At the behest of their leader, the Witches of Darkhana are mobilized. Their mission: gather the most honest, true servants of each deity so that they may respectfully represent their land at the reopening of the Convocation of Gods and Man. For Witch-Priest Aradin Teral, his part in the quest has taken him across the length and breadth of Katan, searching for the best possible representative of an empire bent on preventing that very task.
Ever since the destruction of the last Convocation, the magics of the Grove have been warped, endangering pilgrims and residents alike and requiring the guardianship of the strongest mage the priesthood can spare. Priestess Saleria is now the Keeper of the Grove, and Guardian of the Divine Garden. The arrival of a black-robed stranger bearing the faces of two men brings the promise of change, even peace, to the isolated valley. But it also ushers in an irresistible passion and a threat to Saleria’s control of the wildest magics in the woods…
*Blurb from Goodreads*
If you love fantasy romance, Jean Johnson’s series will probably give you the same kind of book hangover that they give me…and that’s a good thing. Jean does excellent worldbuilding, and one has a tendency to get lost inside and not want to come back out.
Also, if you have a fondness for well-done fantasy romance, I highly recommend her Sons of Destiny series, mostly for the sheer romantic fun of it. That series is a prequel series to The Guardians of Destiny, but it’s not required reading to get the background. It’s just damn fun.
They are different in tone, however. The Sons of Destiny felt like it had more emphasis on the intimacy of the romance, and the Guardians series feels like it has more emphasis on the fantasy worldbuilding, not that there’s anything shabby about the romantic aspects. YMMV.
Each volume in the Guardians series definitely has more of an adventure flavor to it. The overall series is about a re-convening of the Convocation of Gods and Man, an event that last occurred 200 years ago and ended in disaster. There are prophecies that this one might go the same way, unless certain events transpire to prevent that next disaster. Each book is about thwarting said disaster, by providing one of the prophesied guardians with both the love of their life, and assistance to prevent the invasion of demons from the Netherhells.
The first book in this series is The Tower (looks like she’s going for one word titles) and it was awesome (review at Reading Reality).
In The Grove, we have three elements; the romance, the problem that needs to be solved to prevent the next phase of the demon incursion, and the politics of the Convocation. It turns out to be VERY appropriate that this is a threesome, but not in the way that you are thinking.
Aradin Teral is a witch of Darkhana. Don’t let the term witch fool you, witches of Darkhana can be either male, female, or both. About that both thing…Darkhana is a two-natured deity, she saved her lover from death by accepting his spirit into herself. So do the Darkhan witches accept the spirit guidance of a just departed witch. Aradin Teral is two men, the living host Aradin, and the dead spirit witch Teral.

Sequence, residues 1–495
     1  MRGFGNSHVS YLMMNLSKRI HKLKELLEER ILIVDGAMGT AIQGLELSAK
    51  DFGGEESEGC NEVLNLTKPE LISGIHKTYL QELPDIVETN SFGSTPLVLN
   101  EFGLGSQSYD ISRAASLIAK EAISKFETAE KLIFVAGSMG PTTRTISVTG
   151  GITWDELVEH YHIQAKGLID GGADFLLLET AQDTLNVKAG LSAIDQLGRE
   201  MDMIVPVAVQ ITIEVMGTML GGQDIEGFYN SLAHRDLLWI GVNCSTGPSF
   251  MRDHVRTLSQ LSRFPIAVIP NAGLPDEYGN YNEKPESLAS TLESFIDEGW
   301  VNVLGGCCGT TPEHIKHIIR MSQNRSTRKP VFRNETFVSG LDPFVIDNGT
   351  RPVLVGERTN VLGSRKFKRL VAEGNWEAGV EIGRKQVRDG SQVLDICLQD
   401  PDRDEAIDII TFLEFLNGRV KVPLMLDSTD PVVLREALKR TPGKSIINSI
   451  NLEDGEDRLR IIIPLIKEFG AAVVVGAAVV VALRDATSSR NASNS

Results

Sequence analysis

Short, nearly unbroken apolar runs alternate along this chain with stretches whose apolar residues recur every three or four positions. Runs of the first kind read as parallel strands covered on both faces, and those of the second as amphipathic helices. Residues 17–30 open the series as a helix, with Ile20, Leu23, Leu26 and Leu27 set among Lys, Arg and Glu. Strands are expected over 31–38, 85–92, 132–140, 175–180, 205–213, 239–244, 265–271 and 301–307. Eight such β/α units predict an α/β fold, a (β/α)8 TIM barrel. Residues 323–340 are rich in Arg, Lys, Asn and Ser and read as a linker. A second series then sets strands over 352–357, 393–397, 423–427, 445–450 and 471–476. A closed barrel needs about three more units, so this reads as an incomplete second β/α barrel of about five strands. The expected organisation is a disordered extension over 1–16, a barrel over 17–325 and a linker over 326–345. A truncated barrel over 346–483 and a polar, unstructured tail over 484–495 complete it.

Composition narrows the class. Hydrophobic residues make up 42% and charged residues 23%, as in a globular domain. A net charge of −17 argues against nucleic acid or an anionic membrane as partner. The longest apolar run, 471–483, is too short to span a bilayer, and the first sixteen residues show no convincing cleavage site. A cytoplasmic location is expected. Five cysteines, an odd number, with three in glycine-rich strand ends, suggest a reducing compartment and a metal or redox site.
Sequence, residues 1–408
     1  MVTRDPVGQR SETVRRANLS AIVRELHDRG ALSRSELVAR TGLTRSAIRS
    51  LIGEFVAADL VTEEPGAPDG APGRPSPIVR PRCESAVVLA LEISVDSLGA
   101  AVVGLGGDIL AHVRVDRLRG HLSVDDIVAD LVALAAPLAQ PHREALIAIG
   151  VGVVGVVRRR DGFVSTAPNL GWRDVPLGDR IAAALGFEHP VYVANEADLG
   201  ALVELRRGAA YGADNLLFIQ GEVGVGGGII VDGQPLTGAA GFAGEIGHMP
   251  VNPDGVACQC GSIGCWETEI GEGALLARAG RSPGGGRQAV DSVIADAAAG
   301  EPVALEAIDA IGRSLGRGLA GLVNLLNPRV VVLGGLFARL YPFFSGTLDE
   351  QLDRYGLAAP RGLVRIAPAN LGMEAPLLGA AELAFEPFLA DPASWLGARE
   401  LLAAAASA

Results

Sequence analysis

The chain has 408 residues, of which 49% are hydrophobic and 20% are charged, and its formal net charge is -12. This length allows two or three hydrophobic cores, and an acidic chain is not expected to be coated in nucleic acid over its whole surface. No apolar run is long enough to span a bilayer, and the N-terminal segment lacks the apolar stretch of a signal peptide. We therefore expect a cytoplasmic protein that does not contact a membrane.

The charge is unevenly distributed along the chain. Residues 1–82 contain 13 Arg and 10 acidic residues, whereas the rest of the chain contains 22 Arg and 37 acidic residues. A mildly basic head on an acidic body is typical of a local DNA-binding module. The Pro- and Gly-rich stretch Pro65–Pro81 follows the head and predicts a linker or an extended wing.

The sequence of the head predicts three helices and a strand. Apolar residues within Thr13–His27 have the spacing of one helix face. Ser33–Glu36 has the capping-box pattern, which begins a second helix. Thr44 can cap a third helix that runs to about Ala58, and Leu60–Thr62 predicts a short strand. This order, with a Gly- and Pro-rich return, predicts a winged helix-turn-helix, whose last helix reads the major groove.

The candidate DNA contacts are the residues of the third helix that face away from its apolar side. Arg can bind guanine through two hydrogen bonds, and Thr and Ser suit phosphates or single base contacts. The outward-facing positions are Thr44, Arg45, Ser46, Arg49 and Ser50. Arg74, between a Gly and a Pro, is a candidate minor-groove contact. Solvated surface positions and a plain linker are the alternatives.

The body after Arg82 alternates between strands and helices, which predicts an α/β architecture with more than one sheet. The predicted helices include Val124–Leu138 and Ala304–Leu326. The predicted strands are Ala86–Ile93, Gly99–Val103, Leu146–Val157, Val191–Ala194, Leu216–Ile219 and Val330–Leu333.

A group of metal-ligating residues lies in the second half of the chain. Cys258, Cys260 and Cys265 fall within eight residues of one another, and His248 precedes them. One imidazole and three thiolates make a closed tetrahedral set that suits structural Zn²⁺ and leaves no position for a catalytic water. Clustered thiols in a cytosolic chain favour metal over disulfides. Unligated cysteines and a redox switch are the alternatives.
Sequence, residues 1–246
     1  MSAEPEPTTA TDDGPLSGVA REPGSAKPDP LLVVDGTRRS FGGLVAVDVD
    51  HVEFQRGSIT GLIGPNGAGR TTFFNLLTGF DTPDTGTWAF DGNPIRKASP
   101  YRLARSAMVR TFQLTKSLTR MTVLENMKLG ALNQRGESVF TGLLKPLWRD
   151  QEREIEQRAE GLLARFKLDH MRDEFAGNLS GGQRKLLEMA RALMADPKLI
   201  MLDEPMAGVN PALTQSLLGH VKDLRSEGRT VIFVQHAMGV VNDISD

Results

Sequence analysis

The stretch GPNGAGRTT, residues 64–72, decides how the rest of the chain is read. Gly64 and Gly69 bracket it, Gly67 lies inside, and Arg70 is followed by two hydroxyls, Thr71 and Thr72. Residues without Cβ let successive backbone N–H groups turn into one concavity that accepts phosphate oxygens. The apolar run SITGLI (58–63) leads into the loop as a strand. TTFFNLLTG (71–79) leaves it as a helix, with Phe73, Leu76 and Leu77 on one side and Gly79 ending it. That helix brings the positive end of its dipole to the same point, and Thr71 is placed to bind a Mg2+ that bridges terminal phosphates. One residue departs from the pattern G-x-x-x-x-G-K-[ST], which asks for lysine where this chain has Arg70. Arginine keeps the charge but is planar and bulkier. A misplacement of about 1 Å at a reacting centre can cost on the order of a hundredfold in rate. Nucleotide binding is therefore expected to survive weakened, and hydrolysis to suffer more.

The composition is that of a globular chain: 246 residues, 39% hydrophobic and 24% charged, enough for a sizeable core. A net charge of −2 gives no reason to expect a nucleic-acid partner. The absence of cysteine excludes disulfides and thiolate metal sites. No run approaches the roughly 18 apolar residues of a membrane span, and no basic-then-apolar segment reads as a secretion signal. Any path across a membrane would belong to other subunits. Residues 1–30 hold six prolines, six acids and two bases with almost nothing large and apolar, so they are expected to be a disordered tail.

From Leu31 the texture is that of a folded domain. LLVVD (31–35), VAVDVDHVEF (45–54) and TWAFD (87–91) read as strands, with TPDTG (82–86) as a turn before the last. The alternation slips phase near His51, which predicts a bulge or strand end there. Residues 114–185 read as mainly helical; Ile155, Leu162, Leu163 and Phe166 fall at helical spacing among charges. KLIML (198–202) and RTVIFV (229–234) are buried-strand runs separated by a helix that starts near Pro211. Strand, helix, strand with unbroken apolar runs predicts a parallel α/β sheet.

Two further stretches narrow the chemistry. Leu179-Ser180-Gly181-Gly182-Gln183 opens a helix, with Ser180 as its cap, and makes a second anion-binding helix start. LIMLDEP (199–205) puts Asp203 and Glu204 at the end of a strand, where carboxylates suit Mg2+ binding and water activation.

He and his fellow witches have been sent to find the best representative of each deity to serve on the Convocation; someone who truly represents their people and their god and not the politics of their kingdom. In Katan, the best representative is Saleria, Keeper of the Sacred Grove. The only problem is that the Sacred Grove has been running amok for 200 years, in fact since the last Convocation went to hell in a handcart.
Aradin is the perfect witch to have been sent to assist Saleria. He is a trained Hortimancer, he has the skills needed to discover what is wrong with the Grove. He may also be the perfect man for the Grove Keeper–if she can accept the nature of the bond that he has with his Spirit Guide Teral.
Unfortunately, the political situation in the Katan capital is not as far away is Saleria would like to think. There are political boot-lickers even among the acolytes in her Temple, and they have been waiting for just the tiniest chance to get their hands on the power of the Grove.
What made this story so much fun were the characters. Saleria starts out as a bit of a goodie-two-shoes, letting herself sink into the never-ending drudgery of her role as the Grove Keeper. And it is both drudgery and dangerous; she expects to burn herself out in 10 years, but if she doesn’t keep at it, the Grove will overrun the nearby town. At the same time, the job seems designed to make sure that the most powerful magic user in Katan has no time to think and ends up a squib. There are politics involved in this assignment.
Then Aradin Teral wakes her out of her daze. First by providing her a sounding board, second by providing an informed second viewpoint, and third by being of actual assistance. Saleria doesn’t need rescue as much as she needs a second pair of useful hands and eyes. What she gets are two pairs, sort of. The nature of the Darkhan witches is fascinating, and adds an extra texture to their developing romance. It both is, and isn’t a menage, but how and whether Saleria can accept Aradin’s nature, can accept the existence of Teral in his life, means that their romance takes quite a while to develop.
The Convocation begins as part of this story. We see some old friends back on Nightfall as part of this book, which was cool, but we also see the politics come to life. Saleria and Aradin have to outwit local politics, with the assistance of the Katan deities. They manifest, and they definitely do smite someone. Saleria was the correct choice.
I want to see the rest of the Convocation, and the rest of the Guardians, right now.
I give The Grove an A.